Canzano: Oregon State wades through another kind of March Madness
One year later Wayne Tinkle watches Saint Peter's play Cinderella
I caught up with Wayne Tinkle on Saturday. It was just 12 months ago that Oregon State men’s basketball team danced into the Elite Eight as a No. 12 seed in the NCAA Tournament.
It was a wonderful story.
Now, Tinkle is busy gutting his program.
“It’s not as fun when you’re sitting at home and watching from your couch,” he said.
On Friday Tinkle informed long-time assistant Kerry Rupp that his contract wouldn’t be renewed. Another assistant, Stephen Thompson, was told he’d be re-assigned to another role in the OSU athletic department.
“It was brutal,” Tinkle said. “They’re members of your family. You love each other, you know their spouses and children. We’ve been through so much. It’s a terrible part of the job but it’s the nature of our profession.”
After Oregon State was eliminated from the Pac-12 Conference Tournament in Las Vegas a few weeks ago Tinkle’s team checked out of the Delano hotel and headed back to Corvallis. The coach packed up but decided to stay behind.
“I changed hotels,” he said. “I got away from all the team hotels. I needed some alone time. I needed some time with the family out by the pool. We had some in-laws there and friends there from college.
“I needed that time to decompress.”
Oregon State’s 3-28 season was historically disappointing. No Elite Eight participant had ever followed with so few victories in the ensuing season. How did it get so bad at OSU? Ask Tinkle and he’ll tell you that he misfired in recruiting last offseason. Also, that some of the returning players wilted under increased demands and expectations.
“We’ve been able to identify what some of the issues were and we’re addressing them,” he said. “Some people may be surprised that some of the guys won’t be back but what we’ve got to do is protect the program. When you’re on the outside looking in, it’s hard to see.
“Our culture took a hit — a big hit.”
Tinkle would have been a casualty himself had he not been given a long-term contract extension after last season. That deal runs through the 2026-27 season will pay the coach as much as $3 million per season. OSU simply couldn’t afford to make a coaching change and now Tinkle is starting over.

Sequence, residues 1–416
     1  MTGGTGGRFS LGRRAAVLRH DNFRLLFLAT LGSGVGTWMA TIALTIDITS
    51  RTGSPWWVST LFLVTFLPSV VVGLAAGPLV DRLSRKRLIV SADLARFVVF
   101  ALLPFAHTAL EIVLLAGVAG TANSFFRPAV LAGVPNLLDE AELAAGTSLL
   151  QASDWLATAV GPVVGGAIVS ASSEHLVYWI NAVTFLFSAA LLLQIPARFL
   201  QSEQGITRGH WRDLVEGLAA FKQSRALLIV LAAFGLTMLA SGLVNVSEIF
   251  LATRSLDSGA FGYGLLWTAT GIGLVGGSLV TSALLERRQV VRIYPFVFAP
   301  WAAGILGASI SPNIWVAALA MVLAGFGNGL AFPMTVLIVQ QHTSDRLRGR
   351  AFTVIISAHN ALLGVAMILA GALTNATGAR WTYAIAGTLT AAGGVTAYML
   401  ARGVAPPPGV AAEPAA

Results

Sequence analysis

He told me on Saturday that he’d like to hire an experienced Division I assistant who can help be a voice in the room during practices and games. Also, he’d like to hire a recruiter who might open some new connections to talent.
“I do think we somehow didn’t get the right mix of personalities on the roster this last season,” he said. “It was a grinder of a year. When you add the ride we went on last year — to be totally blindsided is just disappointing and disheartening. Not being able to get the group to come together, it was a disappointment.”
I think part of what makes the season so alarming is that it came when we all expected Oregon State might surge. The Beavers played deep in last season’s tournament and we all expected them to parlay that into more success and stability.
Instead, the Beavers face planted.
“We felt like we weren’t able to coach them,” Tinkle said.
Tinkle said he’s watching Saint Peter’s University make their magical NCAA Tournament run. The No. 15 seed Peacocks advanced to the Elite Eight on and will play North Carolina on Sunday with a trip to the Final Four at stake.
“It sucks when you’re not involved,” Tinkle said. “It’s cool to see those stories that evolve like Saint Peter’s. Seeing the run they’re going has sparked some memories from our group from a year ago.
“That’s what makes it madness.”
CINDERELLA WATCH: Someone please send Saint Peter’s University a ‘thank you’ card for the work it has done in elevating the men’s NCAA Tournament in the last couple of weeks. My family was circled up in the living room on “National Peacock Day” watching the Peacocks knock out Purdue. I’ll bet yours was, too.
The No. 15 seed has now defeated No. 2 Kentucky, No. 7 Murray State and No. 3 Purdue in succession. Up next, No. 9-seed North Carolina on Sunday.
This tournament needed Saint Peter’s, didn’t it?
A couple of things:
The Saint Peter’s players didn’t blink in beating any of those more heralded programs. Not once. The Peacocks may play in a tiny gym in an unheralded conference, but they look and act like they belong. They play unfazed and I don’t expect that to change vs. UNC.
Saint Peter's men's basketball coach Shaheen Holloway made a salary of $266,344 in 2019 per university tax filings. Matt Painter at Purdue made more than $3 million in base salary. Seton Hall (Holloway’s alma mater) is currently looking to hire a men’s basketball coach. That’s not tricky math.
Just before his post-game interview with CBS’s Jamie Erdahl, Holloway was mobbed by his team. Erdahl asked the coach what he’d said to his players. He told her: “What they gonna say now? Anybody got something to say? We can’t do this, we can’t do that, Cinderella, underdogs. Listen, I got guys that just play basketball. I got a bunch of guys that just play basketball and have fun, that’s all we do.”
A No. 15-seed had never made the Elite Eight before the Peacocks did it. Saint Peter’s now has that distinction. No team lower than No. 11 has ever reached the Final Four, in case you’re wondering.
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